Today Turkey has strained its relations with many countries. In addition to the deepening conflict with the United States (after the acquisition and testing of the Russian S-400 anti-aircraft missile system), France, Greece and the EU as a whole, the list of Turkey’s “opponents” includes Israel (due to the conflict over the Palestinian problem), Syria (where Erdogan introduced Turkish troops), Iran (with which Ankara has intensified contradictions because of Erdogan’s actions in Syria), Saudi Arabia (relations with which have especially worsened because of the “Khashoggi case”). Even with the United Arab Emirates Erdogan’s conflict has become so widespread that this struggle unfolds from Morocco to Syria, most fiercely manifesting itself in the field of “soft power”, with mutual accusations of seeking to destabilize the Arab world. The Arab monarchies are particularly concerned about Ankara’s policy in the Persian Gulf, where Turkish troops are now stationed in Qatar, another Turkish base is located in Somalia, and Erdogan himself actively supports and finances the Muslim Brotherhood religious and political movement (banned in Russia – ed.) , to which the monarchies of the Gulf are more than wary.
As a result, as noted not only by the Western, but other regional media, Erdogan risks isolating his country from both the West and Arabs with Persians. “Turkish President Recep Tayyip Erdogan has made it clear that he has no desire to be a bridge between Europe and the Arab world. Instead, he decided to reshape Turkey in line with its imperial past and make it a competitor to the two regions,” UAE Foreign Minister Anwar Gargash is being cited.
In response to the aggressiveness of Erdogan’s policy, France has already called off its ambassador from Turkey “for consultations”. The Canadian government, after the Bombardier Recreational Products company “unexpectedly” learned that its engines were being installed on the Turkish Bayraktar TB2 (“Flag Bearer”) operational tactical attack drones (these has been actively used in the conflict in Nagorno-Karabakh), took the decision to stop supplying them, as well as other weapons to Turkey. Canada stressed that “the use of attack drones by Turkey often goes beyond the framework of agreements within the NATO format.”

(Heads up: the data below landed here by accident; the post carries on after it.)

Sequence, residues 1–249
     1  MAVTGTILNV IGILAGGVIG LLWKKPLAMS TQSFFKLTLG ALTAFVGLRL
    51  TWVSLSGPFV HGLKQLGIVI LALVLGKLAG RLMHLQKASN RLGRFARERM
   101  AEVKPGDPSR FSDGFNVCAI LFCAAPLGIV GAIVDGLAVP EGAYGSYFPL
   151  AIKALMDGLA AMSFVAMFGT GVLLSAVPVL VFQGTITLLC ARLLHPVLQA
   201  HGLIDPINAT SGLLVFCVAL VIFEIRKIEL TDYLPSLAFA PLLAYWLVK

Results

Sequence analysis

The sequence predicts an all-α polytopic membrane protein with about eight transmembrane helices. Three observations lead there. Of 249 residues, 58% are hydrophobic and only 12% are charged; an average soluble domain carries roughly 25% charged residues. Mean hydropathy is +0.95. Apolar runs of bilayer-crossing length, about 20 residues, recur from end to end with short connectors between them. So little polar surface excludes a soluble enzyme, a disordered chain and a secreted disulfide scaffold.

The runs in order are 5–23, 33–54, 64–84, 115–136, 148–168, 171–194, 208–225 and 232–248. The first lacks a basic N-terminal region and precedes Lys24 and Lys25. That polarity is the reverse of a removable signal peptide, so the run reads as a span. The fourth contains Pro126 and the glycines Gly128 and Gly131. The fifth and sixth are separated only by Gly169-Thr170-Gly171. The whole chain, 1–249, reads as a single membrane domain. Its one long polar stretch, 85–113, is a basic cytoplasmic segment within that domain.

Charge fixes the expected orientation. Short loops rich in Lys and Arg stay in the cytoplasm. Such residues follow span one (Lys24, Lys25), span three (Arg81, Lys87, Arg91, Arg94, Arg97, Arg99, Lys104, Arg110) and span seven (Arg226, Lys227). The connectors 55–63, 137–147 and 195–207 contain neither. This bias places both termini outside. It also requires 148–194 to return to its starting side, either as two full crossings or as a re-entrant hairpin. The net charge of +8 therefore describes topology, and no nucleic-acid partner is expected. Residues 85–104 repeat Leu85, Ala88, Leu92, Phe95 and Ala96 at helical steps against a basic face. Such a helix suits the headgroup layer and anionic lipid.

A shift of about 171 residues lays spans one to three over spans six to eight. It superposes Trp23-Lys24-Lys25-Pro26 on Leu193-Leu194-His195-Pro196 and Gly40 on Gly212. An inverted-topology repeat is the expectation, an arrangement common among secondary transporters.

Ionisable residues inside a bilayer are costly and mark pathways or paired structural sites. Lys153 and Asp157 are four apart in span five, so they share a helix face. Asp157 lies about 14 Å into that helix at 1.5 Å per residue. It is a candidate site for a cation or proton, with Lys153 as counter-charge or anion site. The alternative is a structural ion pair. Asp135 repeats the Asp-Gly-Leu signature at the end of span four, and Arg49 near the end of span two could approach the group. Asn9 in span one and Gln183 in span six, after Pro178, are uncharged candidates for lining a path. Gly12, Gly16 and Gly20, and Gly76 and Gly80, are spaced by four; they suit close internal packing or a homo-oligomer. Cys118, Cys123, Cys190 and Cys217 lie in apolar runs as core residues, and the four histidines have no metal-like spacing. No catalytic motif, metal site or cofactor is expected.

For its part, Turkey has no choice but to launch its own production of engines for Turkish drones, or to intensify military-technical cooperation with Ukraine in this regard, which was indirectly confirmed in the speeches of representatives of the industrial and business circles of Turkey, in particular, Turkish Aerospace Industries.
Against the backdrop of these events, the fall of the Turkish lira became uncontrollable, and Ankara no longer has the resources to keep the situation under control. Since the beginning of the year, the lira has fallen by 39% against the US dollar, which has become the worst indicator dynamics among all currencies in Eurasia, despite the fact that the dollar this year is clearly not up to par. The savings of the Turkish state itself continue to fall: according to the investment bank Goldman Sachs, Turkey has spent about $130 billion from its reserves over the past year and a half. At the same time, the reserves do not cease to decline, and if in the summer their volume reached $90 billion, now they have dropped below $80 billion. The situation is complicated by the need to fight the current economic crisis. In addition, unemployment in the country approached 14%, and among young people it reached 25%.
According to the forecasts of the former IMF Managing Director Desmond Lachman, in the event of a liquidity crisis in the world, Turkey will become one of the first countries to declare a default. Under these conditions, in order to mitigate the consequences of the recession, the state again has to borrow a lot from foreign creditors, but because of Erdogan’s aggressive policy, reliable friends (except, perhaps, Ukraine, whose situation is even worse), to whom you can turn for loans, today are getting more and more scarce…